calculus of PT_NOTE "for GNU/Linux 2.6.32"

Roland McGrath roland at
Tue Sep 21 06:35:24 UTC 2010

This note comes from crt1.o, which is linked into every normal program
(both static and dynamic).  Off hand, I'm not sure of anything that
actually checks this note.

What it indicates is the minimum required kernel version that glibc was
built for (its --enable-kernel configure option).  This controls what
system calls and such kernel features the libc code is built to assume
exist and work correctly.  

In a statically-linked executable, there may very well be libc code that
requires that new a kernel.  The startup code in libc actually checks
the kernel version against this, so a static executable won't try to run.

For normal dynamically-linked executables, it is unlikely this note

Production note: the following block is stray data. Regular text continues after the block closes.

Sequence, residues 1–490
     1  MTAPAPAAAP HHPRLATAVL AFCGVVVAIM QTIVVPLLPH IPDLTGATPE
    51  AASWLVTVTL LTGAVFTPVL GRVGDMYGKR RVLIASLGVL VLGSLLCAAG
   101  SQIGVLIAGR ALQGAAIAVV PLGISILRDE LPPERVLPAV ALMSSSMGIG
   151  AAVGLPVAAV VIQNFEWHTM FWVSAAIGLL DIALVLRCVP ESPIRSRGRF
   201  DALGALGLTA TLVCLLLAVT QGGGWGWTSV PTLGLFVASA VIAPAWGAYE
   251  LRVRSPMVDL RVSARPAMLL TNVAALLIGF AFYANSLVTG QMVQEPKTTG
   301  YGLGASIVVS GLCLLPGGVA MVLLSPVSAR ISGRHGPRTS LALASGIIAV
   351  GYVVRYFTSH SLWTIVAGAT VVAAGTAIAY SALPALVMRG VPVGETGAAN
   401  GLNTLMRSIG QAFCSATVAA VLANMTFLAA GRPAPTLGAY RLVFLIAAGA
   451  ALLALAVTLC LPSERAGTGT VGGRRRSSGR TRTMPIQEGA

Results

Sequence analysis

really means anything that matters.  (I'm not entirely positive about
this.)  The same kernel requirement is built into all the DSOs in the
glibc package, including the dynamic linker itself.  The dynamic
linker's startup code does the same kernel version check that is done by
static libc code in a static link.  But that is based on what those DSOs
need, not what the crt1.o note in your executable says.

For Fedora glibc builds, we have chosen the newest --enable-kernel
version that we can use.  (It is always more optimal to disable the
compatibility code.)  The limiting factor has been the kernels that
the koji build machines run, so that glibc's build can do "make check"
(actually the build itself requires running the just-built libc too).
That's why it was 2.6.18 for so long, because those machines ran RHEL5.
Now, I guess they run RHEL6 or something, so we can rely on getting 2.6.32.

The proper and recommended way to build binaries that will be sure to be
compatible with an older Fedora is to build them against the glibc-devel
(and every other -devel) from that Fedora.  I think most people use mock.


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